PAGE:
So when I met with Cukierman (who is also vice president of the World Jewish Congress) I was surprised to find someone whose outlook broke with the above representation in just about every way. When I questioned Cukierman about the relationship between Israel and anti-Semitism in France he responded quite emphatically, “It’s not true that anti-Semitism is the result of Israeli policy,” insisting that this is the same anti-Semitism that has existed since long before the creation of the State of Israel. Pushing the matter further, I wondered what CRIF’s president thought of the notion that Diaspora Jews should be seen to be more critical of Israel; after all, it’s an idea that’s gaining traction both among some Jewish leaders in Europe and with certain liberal Jewish groups in America. Again, Cukierman was unequivocal, “the Israeli citizen is the one who is risking his skin … it would be outrageous to tell the Israelis what they should do for their own security … I consider it their risk, and their choice, and their life.” So no mistaking his position on that matter.

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When Roger Cukierman returned to holding the presidency of CRIF (Conseil Représentatif des Institutions juives de France)—the umbrella group of French Jewish organizations and the pre-eminent voice of that community in Paris—in 2013, pieces began appearing in the press criticizing Cukierman’s leadership of French Jewry. Cukierman was painted by some as being weak in the face of rampant French anti-Semitism and of essentially advocating a policy of appeasement. One piece from January that appeared in Tablet claimed that Cuckierman’s strategy for combating anti-Semitism in France consisted of having the French Jewish community distance itself from Israel (so that Jewish institutions wouldn’t simply be viewed as an annex of the Israeli embassy). Another piece accused Cukierman of claiming that the Quenelle gesture—the inverted Nazi salute—isn’t always anti-Semitic, another argued that France’s aging Jewish leadership is out of touch with younger generations—a common, if mindless, complaint heard the world over.

So when I met with Cukierman (who is also vice president of the World Jewish Congress) I was surprised to find someone whose outlook broke with the above representation in just about every way. When I questioned Cukierman about the relationship between Israel and anti-Semitism in France he responded quite emphatically, “It’s not true that anti-Semitism is the result of Israeli policy,” insisting that this is the same anti-Semitism that has existed since long before the creation of the State of Israel. Pushing the matter further, I wondered what CRIF’s president thought of the notion that Diaspora Jews should be seen to be more critical of Israel; after all, it’s an idea that’s gaining traction both among some Jewish leaders in Europe and with certain liberal Jewish groups in America. Again, Cukierman was unequivocal, “the Israeli citizen is the one who is risking his skin … it would be outrageous to tell the Israelis what they should do for their own security … I consider it their risk, and their choice, and their life.” So no mistaking his position on that matter.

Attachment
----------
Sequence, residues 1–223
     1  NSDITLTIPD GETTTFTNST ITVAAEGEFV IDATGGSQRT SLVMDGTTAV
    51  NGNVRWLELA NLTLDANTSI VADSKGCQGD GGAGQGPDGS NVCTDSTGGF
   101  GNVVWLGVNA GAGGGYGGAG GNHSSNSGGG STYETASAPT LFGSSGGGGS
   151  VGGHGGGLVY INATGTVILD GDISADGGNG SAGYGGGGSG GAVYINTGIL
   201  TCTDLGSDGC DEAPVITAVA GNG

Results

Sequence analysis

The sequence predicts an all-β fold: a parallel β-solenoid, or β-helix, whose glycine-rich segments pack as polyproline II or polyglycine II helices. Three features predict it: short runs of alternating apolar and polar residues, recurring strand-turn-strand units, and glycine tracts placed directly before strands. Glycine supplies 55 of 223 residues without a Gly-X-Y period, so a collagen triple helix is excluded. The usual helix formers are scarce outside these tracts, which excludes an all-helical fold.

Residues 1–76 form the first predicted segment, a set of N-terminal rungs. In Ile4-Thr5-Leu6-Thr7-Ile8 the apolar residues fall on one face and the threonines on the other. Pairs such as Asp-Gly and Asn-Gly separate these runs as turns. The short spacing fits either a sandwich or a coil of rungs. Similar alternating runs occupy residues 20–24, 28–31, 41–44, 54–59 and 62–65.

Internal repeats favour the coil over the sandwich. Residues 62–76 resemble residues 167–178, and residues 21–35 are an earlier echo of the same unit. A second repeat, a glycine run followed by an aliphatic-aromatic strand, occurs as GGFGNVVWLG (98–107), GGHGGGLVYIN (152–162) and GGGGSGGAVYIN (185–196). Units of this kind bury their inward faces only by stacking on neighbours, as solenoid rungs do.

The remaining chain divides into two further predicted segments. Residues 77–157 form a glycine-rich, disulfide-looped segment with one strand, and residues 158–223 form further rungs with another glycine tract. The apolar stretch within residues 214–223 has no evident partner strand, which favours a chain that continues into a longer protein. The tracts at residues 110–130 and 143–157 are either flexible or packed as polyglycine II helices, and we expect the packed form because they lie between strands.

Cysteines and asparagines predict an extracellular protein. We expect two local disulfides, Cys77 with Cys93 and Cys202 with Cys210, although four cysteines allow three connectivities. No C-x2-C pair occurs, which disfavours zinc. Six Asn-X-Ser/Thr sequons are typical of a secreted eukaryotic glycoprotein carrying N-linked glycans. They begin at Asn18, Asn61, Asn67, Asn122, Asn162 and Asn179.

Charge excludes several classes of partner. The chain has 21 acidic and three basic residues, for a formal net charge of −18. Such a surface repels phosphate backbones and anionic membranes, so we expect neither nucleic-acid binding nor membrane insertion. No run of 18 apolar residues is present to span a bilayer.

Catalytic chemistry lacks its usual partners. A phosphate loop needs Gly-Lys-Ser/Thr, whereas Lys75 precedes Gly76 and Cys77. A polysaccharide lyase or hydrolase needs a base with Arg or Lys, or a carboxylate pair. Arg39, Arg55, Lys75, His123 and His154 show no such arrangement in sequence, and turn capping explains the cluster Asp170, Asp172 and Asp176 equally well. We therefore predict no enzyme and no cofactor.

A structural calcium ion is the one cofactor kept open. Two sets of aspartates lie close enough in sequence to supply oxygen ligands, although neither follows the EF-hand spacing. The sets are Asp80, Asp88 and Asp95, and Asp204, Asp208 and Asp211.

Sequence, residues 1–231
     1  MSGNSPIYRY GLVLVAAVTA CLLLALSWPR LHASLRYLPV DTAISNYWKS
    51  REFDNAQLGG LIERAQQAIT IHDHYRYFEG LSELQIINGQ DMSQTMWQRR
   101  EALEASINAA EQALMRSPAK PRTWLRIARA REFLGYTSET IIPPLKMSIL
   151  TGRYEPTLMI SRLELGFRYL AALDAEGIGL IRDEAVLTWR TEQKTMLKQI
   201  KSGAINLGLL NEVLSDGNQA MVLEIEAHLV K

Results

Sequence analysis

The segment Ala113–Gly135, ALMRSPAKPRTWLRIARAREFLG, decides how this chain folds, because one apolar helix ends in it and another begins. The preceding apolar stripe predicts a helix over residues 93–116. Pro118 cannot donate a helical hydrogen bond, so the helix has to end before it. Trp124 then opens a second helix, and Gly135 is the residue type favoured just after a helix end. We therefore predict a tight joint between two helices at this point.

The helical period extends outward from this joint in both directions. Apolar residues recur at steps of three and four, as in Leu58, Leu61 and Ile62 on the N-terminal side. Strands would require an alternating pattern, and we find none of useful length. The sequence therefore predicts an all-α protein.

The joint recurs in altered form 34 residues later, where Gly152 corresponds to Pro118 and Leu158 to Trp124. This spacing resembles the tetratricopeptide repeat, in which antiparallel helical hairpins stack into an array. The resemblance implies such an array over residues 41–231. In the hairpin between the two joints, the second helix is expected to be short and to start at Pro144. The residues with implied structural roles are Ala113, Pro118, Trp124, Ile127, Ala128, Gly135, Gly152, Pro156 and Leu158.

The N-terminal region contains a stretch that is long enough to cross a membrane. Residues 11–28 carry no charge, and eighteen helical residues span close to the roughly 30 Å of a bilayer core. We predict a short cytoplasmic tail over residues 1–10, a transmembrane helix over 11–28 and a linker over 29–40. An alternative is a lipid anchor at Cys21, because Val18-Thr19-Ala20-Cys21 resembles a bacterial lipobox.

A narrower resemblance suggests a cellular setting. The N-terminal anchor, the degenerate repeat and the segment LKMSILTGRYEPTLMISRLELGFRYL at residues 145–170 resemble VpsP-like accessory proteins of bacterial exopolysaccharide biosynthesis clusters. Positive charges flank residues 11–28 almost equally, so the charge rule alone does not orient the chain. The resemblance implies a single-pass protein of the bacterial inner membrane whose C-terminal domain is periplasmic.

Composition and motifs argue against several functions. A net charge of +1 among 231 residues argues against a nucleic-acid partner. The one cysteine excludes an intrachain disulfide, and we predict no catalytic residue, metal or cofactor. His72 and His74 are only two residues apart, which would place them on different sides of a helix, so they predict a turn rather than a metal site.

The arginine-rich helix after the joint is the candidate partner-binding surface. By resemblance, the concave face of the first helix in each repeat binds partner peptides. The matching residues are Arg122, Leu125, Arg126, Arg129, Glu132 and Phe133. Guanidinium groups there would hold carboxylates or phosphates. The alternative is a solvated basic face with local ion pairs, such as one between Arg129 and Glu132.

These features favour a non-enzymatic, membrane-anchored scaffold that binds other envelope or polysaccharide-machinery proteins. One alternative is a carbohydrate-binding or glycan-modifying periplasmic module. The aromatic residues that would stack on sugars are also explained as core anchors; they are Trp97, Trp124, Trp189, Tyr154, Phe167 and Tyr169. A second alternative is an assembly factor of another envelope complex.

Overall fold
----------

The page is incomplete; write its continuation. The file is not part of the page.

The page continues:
If Cukierman does not consider anti-Israel sentiments to be at the root of France’s alarming upsurge in anti-Semitism, then how is it to be explained? Cukierman suggests that there are three separate sources of hostility to Jews in France; the far-right, the far-left and radical Islam. Others from his office suggested also the role of economic hardships and post-colonial guilt. Still, these factors are certainly at play in other European countries, but it is France that seems to be considered one of the most troubled locations on the map of global anti-Semitism. Could it be less a matter of the combustible concoction of all these factors and more the fact that France has each factor in greater abundance than anywhere else? Perhaps in France, after a fraught flight from North Africa, post-colonial feeling is particularly intense; perhaps France’s Muslim population is larger and less assimilated than in other places; perhaps the left is particularly dominant in Franc; or perhaps the right has some particularly charismatic leaders in the form of the le Pens.

When I asked Cukierman and his delegation what they thought was unique about the situation in France, their suggestion was Diuedonne, the inflammatory comedian who has popularized the Quenelle and, as Cukierman explained, united disparate elements on the various fringes. It wouldn’t be the first time that a rabble rousing orator directed the mob against the Jews, but for that to happen, there has to at least be a rousable mob to be directed in the first place. Cukierman concedes that efforts by the French government to censor Diuedonne may have perversely caused some in the mainstream to become more sympathetic to him. Yet it would seem that Cukierman still favors this kind of intervention by the government to deny Diuedonne a platform, as he explains, when Jewish schools are being attacked and when it’s not safe to appear identifiably Jewish on the Paris metro, it’s not so easy to just sit back.